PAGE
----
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International Journal of Photoenergy
Volume 2019, Article ID 9579357, 10 pages
https://doi.org/10.1155/2019/9579357
Research Article

Experimental Study on the Performance of a Phase Change Slurry-Based Heat Pipe Solar Photovoltaic/Thermal Cogeneration System

1School of Environment and Energy Engineering, Beijing University of Civil Engineering and Architecture, Beijing 100044, China
2School of Civil Engineering, Beijing Polytechnic Institute, Beijing 100038, China

Correspondence should be addressed to Ping Wei; moc.361@jbgnipiew

Received 9 October 2018; Revised 29 December 2018; Accepted 16 January 2019; Published 19 February 2019

Academic Editor: Huiqing Wen

Copyright © 2019 Hongbing Chen et al. This is an open access article distributed under the Creative Commons Attribution License, which permits unrestricted use, distribution, and reproduction in any medium, provided the original work is properly cited.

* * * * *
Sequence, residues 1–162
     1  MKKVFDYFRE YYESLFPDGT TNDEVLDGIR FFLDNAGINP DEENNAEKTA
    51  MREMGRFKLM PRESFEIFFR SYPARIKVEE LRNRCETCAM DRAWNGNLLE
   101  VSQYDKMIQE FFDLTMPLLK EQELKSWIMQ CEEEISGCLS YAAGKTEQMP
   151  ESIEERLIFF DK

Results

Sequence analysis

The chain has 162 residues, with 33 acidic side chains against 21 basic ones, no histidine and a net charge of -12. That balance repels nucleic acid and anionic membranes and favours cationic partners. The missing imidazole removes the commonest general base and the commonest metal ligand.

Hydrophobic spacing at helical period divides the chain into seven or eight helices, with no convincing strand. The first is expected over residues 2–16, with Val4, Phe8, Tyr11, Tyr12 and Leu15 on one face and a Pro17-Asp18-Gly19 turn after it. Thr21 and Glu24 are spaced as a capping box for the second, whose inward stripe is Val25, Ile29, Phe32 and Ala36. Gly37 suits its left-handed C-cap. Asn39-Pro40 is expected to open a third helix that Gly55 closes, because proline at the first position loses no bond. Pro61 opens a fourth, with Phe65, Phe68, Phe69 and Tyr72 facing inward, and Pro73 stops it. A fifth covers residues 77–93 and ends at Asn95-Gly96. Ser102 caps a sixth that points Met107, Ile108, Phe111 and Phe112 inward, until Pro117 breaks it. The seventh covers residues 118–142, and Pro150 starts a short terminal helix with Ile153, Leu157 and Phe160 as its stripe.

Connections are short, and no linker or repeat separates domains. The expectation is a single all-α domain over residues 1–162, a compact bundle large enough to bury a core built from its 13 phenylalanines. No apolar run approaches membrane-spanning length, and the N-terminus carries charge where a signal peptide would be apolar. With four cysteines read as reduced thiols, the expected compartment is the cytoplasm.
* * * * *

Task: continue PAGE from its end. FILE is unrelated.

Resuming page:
Abstract

By employing phase change slurry (PCS) as working fluid for the heat pipe solar PV/T system, the study is designed to investigate the electrical and thermal energy performance of the system. Meanwhile, through examining the performance difference between water-based and PCS-based heat pipe solar PV/T systems, 30% alkyl hydrocarbon PCS is proved to be a suitable working fluid for optimized energy performance based on the combined consideration of the thermophysical and rheological properties. Both static and dynamic stability tests show that 30% alkyl hydrocarbon PCS has a good stability for low-temperature thermal energy storage. A testing rig is constructed consisting of two identical heat pipe solar PV/T cogeneration systems A and B, in which water and 30% alkyl hydrocarbon PCS are, respectively, employed as working fluids; the energy performance of those two PV/T systems are investigated and compared with each other under the same testing condition. The results indicate that the application of PCS to the heat pipe PV/T system leads to a significant improvement in thermal performance and a modest growth in electrical performance. The daily heat gains and overall average efficiency of system B are 4.2 MJ/m2 (per unit area of PV/T panel) and 59.3%, respectively, 27.3% and 9.3% higher than those of system A. Per unit area of the heat pipe PV/T panel could produce 55.2 L domestic hot water of about 45°C on a sunny day.

1. Introduction